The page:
Developing a rapid test for the designer drug, mephedrone
Published: 22 Oct 2014
Kathryn Kellett, a research assistant from Hatfield in Hertfordshire, has recently returned from a three-month Churchill Fellowship to the University of Southern Mississippi (USM) in the USA. She was researching the development of a rapid chemical test (sensor) for the designer drug mephedrone, also known as meow meow, which was banned in the UK in 2011.
Designer drugs are compounds that are chemically altered from Federal controlled substances to sidestep regulations, yet still have potent effects that rival banned substances such as amphetamines and cocaine.
In recent years (2009-2013) a significant rise in the abuse of new psychoactive substances, such as the synthetic cathinone mephedrone, has been reported in Western Europe, according to the European Monitoring Centre for Drugs and Drug Addiction.
In the UK, figures from the National Programme on Substance Abuse Deaths report that 68 people have died from mephedrone. There is currently a lack in rapid drug tests available for designer drugs such as this.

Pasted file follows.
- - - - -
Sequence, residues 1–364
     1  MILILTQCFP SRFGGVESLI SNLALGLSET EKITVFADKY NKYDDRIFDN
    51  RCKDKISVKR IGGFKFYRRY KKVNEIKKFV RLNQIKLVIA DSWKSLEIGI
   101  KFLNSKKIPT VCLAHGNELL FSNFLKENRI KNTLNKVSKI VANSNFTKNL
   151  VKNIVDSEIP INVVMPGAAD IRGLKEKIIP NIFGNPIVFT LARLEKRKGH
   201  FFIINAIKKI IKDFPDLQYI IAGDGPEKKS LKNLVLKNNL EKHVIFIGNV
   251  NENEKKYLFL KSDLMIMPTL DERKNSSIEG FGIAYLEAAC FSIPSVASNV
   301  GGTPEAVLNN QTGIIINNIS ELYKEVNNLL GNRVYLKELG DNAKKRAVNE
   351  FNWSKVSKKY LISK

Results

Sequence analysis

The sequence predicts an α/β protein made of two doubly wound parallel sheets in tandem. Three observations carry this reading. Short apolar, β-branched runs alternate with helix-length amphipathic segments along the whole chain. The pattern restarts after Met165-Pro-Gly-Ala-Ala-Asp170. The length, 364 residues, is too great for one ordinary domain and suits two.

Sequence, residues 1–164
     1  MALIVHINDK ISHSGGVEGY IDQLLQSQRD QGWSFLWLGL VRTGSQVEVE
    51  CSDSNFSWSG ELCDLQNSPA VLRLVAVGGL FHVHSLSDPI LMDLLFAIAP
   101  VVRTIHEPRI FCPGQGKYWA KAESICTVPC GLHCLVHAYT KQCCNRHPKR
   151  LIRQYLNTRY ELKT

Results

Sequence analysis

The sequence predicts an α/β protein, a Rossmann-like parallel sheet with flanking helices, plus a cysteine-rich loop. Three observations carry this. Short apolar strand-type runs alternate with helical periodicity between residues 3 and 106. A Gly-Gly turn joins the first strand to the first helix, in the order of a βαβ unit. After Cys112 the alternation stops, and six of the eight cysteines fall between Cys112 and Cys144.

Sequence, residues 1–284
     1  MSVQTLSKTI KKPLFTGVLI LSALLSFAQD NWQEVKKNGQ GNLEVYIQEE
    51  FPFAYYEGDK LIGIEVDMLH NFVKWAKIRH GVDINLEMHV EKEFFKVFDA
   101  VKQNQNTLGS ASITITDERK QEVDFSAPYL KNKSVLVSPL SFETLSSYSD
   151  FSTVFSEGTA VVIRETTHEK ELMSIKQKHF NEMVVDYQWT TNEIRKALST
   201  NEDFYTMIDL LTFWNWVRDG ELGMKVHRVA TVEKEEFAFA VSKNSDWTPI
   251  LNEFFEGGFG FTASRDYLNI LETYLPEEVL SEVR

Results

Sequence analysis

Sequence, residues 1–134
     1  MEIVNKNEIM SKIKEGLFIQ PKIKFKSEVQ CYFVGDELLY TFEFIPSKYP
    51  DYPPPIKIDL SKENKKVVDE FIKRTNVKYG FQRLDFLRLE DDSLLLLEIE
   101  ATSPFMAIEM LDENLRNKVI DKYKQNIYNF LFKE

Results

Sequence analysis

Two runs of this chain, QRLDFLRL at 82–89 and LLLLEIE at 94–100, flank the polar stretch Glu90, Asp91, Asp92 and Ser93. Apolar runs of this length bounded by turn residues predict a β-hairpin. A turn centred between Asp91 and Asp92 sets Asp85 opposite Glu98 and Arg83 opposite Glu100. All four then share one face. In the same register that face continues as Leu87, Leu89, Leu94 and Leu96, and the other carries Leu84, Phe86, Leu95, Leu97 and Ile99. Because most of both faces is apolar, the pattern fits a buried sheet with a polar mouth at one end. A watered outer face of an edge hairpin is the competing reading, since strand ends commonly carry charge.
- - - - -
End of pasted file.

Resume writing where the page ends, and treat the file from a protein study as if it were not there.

The sensor concept was designed prior to the Fellowship at the University of Hertfordshire using computational methods, which had not been previously utilised for the design of such drug sensors.
Kathryn spent time in the state of the art chemistry laboratory of Professor Karl Wallace, who is a leading expert in chemical sensing, at the University of Southern Mississippi. While in Mississippi, she learned specialist methods to make large sensory molecules.
Kathryn has now returned to the UK where she has begun testing the sensory molecule’s ability to sense mephedrone using a range of techniques at the University of Hertfordshire, and is planning to publish these findings for the scientific community soon.
Kathryn says, “I hope to pass on all that I have learnt to fellow scientists, and continue with the work that was initiated during my travels”.
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